A few weeks ago, I wrote a diary that showed that Hillary Clinton hyped her role in passing the Family and Medical Leave Act.
As the chronology and evidence laid out in that diary demonstrated, the bill had been passed twice by Congress and vetoed by the first President Bush. Congress decided to pass it once Bill Clinton was sworn in. Two weeks before Clinton became president, congressional leaders announced their intention to pass it. It was HR1 and S1, the first bills introduced by Congress. They were passed quickly and Clinton signed the bill into law sixteen days after taking office.
If anyone thought there might be any doubt that Hillary was involved in its passage, well, now come along the White House papers.
And what do they show?
Hillary never held or attended any meetings on the Family Medical Leave Act.
One notable absence in the 11,000 pages of the former First Lady's schedule from the National Archives released today -- any mention on her schedules of the Family and Medical Leave Act before her husband signed the bill into law.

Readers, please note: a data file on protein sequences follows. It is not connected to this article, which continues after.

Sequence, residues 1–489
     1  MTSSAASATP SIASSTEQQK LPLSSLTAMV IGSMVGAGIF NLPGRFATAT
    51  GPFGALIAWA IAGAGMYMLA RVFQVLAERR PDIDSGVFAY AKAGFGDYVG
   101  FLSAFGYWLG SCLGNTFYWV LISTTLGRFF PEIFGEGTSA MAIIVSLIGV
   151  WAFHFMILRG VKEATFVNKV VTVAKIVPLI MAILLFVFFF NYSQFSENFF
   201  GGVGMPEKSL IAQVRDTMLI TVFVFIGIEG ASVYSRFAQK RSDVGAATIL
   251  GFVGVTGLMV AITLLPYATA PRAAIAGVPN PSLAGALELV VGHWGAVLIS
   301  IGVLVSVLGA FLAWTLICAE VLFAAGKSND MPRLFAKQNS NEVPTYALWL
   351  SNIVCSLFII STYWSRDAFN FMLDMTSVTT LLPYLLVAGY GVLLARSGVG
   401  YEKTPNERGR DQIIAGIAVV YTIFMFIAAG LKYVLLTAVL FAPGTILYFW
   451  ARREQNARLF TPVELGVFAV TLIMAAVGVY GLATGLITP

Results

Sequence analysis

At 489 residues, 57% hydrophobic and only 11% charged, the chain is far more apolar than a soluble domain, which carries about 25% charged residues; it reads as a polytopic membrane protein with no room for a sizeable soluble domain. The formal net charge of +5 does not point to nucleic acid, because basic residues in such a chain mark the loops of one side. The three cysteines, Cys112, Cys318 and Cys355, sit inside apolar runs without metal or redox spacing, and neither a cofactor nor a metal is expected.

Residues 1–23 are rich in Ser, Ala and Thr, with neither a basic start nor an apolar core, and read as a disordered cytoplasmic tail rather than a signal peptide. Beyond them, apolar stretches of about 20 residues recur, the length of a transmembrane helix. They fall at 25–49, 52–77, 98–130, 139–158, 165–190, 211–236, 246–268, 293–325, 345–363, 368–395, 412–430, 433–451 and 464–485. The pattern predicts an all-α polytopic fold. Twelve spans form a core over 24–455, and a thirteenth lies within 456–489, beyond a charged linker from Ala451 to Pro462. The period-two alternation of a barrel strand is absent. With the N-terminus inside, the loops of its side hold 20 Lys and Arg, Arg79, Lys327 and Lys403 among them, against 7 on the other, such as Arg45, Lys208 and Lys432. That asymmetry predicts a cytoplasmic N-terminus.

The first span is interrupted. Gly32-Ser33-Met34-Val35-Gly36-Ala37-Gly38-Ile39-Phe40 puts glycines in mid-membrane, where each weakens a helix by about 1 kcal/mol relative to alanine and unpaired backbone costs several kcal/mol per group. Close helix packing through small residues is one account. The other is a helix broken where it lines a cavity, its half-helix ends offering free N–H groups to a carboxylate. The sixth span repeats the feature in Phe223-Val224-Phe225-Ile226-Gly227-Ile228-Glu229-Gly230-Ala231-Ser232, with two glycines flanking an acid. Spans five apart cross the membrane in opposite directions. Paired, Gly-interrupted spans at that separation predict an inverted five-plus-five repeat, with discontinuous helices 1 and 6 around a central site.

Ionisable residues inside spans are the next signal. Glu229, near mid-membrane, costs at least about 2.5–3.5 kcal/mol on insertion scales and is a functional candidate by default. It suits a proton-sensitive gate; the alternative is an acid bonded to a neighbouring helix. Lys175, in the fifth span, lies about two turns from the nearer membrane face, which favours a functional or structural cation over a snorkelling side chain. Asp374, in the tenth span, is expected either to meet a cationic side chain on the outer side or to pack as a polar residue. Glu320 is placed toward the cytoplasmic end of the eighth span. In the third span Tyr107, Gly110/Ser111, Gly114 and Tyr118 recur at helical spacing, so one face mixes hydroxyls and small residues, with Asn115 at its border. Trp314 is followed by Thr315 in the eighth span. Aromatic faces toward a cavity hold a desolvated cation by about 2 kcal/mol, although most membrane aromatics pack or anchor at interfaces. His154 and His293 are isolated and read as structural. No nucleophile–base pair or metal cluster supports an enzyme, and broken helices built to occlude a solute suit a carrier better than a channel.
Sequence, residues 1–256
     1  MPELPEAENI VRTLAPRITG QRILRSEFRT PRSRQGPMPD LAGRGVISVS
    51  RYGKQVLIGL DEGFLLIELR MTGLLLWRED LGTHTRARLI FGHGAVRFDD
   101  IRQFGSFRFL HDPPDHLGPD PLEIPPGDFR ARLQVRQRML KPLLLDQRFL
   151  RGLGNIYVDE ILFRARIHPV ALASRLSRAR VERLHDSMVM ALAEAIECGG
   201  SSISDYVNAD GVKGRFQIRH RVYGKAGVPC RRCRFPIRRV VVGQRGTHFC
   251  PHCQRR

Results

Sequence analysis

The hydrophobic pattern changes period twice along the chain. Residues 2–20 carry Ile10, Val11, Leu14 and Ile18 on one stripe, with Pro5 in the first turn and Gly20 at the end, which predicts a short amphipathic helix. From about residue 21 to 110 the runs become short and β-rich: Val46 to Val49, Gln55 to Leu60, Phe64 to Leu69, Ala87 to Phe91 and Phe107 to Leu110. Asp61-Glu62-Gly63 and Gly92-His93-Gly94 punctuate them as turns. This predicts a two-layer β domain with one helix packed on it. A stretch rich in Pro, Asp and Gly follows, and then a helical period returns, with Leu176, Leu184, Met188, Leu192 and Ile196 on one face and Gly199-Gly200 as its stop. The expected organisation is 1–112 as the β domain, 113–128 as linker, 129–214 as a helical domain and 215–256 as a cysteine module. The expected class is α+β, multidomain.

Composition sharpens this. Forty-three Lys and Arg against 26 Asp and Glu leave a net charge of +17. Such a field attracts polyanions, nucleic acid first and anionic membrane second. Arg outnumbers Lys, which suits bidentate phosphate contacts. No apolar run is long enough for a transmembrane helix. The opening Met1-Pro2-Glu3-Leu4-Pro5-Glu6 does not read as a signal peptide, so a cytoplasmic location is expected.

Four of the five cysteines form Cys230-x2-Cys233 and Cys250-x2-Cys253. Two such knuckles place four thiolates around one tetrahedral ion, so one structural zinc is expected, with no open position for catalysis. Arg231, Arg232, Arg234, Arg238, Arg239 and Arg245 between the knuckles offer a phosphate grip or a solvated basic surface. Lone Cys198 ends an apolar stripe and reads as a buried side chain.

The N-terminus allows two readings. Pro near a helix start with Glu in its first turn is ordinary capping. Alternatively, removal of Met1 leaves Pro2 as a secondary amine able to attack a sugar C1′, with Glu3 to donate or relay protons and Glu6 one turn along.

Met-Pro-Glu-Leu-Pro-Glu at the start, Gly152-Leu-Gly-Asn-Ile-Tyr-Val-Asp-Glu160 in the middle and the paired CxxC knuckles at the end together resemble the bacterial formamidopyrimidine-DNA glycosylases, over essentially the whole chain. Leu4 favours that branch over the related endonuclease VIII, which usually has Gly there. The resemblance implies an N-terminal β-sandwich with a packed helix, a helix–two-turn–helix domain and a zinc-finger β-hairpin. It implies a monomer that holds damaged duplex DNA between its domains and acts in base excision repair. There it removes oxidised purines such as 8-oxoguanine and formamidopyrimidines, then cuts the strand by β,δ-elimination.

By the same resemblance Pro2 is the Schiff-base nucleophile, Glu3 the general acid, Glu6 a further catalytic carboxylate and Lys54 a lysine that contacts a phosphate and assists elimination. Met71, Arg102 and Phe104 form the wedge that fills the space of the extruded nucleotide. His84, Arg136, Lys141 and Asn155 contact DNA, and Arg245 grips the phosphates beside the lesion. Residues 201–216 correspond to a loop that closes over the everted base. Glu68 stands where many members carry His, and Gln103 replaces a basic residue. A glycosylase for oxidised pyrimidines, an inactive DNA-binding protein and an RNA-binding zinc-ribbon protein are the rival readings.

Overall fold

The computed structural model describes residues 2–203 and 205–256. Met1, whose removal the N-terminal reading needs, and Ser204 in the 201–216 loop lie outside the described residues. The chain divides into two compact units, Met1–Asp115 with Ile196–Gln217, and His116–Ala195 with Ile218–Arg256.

So, there's another Hillary claim debunked. And how does the campaign react?
Asked for substantiation for her claiming credit, the Clinton campaign provided little evidence except for feminist organizations praising her for the bill becoming law and Bill Clinton writing in his autobiography: "Hillary and I talked often about how fortunate we were to have had that critical time to bond with Chelsea. Hillary told me that most other advanced countries provided paid parental leave to all citizens, and we believed that other parents should have the same priceless opportunity we'd had. I thought about those first few moths with Chelsea in February 1993, when I signed my first bill into law as President, the Family and Medical Leave Act."
Tapper of ABC calls the response "odd." I might use a different characterization.